So what is being done or can be done to reduce hunger and poverty in our country?
Most large tracts of suitable land are now either traditionally owned, costly to purchase, mired in controversy or unavailable or unsuitable for commercial development. There is a lack of women and youth empowerment in the sector, a high rate of poverty among small scale farmers, very few financial institutions that are willing to support farmers and agribusinesses, poor extension service delivery and unstable and inconsistent local input supplies.
These are some of the problems we looked at the company I co-founded – SADeV which stands for Sustainable Agric Development Venture – is hoping to solve.
Firstly, contract farming/out grower schemes are proven to be an appropriate development model to achieve food security and alleviate poverty in rural communities as land is ready available, easy to scale, resources and production cost becomes cheaper as economies of scale are achieved. Small holder farmers account for more than 80% of our national rice production. Small-scale agriculture should be considered as a national competitive farming model in its own right and we should recognise its potential to become a pathway to sustainable development and prosperity.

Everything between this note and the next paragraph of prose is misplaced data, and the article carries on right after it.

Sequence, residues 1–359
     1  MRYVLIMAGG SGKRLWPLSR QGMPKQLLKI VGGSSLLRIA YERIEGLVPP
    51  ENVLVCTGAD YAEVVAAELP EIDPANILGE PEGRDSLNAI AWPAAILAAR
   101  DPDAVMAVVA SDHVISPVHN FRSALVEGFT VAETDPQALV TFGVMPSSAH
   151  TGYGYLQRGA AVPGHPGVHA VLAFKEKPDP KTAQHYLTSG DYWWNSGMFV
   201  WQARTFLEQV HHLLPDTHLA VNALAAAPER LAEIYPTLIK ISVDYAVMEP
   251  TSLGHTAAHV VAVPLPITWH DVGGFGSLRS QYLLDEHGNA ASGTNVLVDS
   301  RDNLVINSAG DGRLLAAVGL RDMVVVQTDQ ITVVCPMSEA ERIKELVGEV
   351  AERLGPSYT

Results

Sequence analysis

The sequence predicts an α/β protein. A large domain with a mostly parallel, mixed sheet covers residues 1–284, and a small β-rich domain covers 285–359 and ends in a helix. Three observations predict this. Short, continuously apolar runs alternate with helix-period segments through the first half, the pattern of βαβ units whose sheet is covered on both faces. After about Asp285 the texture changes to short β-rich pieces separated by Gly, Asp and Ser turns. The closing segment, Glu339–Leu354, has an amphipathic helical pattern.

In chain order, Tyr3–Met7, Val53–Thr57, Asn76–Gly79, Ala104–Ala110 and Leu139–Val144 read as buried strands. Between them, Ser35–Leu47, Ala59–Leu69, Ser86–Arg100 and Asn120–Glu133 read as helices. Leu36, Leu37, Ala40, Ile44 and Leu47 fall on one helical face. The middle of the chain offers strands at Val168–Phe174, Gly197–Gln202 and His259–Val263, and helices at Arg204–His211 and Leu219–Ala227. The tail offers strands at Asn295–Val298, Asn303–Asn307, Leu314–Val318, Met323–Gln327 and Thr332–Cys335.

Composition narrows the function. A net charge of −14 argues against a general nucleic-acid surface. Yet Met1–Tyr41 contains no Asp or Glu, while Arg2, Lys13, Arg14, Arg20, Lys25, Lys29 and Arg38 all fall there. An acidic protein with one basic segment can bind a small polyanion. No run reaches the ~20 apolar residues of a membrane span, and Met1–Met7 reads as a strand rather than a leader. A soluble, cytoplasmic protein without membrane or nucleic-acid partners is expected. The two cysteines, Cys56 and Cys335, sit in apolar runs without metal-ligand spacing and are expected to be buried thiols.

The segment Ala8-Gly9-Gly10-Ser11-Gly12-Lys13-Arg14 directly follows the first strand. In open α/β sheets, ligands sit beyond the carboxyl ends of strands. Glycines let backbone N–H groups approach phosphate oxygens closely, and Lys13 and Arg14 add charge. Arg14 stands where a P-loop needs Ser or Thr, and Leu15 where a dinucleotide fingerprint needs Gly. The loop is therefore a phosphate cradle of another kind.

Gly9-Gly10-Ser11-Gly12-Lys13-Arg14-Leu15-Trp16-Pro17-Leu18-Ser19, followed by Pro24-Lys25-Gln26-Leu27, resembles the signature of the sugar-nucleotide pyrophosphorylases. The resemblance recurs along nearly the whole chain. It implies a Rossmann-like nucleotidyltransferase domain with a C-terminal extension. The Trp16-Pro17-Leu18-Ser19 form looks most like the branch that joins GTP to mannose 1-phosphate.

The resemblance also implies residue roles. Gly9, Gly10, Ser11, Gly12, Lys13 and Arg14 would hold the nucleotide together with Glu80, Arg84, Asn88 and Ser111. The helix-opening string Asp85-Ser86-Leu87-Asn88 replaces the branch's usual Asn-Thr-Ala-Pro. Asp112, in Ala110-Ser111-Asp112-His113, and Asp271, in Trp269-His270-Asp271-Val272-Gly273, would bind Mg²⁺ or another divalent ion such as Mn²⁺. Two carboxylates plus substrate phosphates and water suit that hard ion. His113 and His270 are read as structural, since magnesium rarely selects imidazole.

Secondly, we must commit to allocate a minimum of 10% of our national annual budget to agriculture as agreed under the Comprehensive Africa Agriculture Development Programme (CAADP), which is an integral component of the New Partnership for Africa’s Development or NEPAD).
Thirdly, much talk has been made of rural-urban migration over the years. We have an overwhelmingly young, hardworking and unemployed population migrating from rural to urban areas, leaving arable land lying in waste. At the current migration rate, more Africans will live in cities than rural areas in the next 30 years. With decreasing interest from young people and low investment from both the business community and government, the current spate of mass migration would render us unable to produce the amount of food needed to feed a large and fast growing population.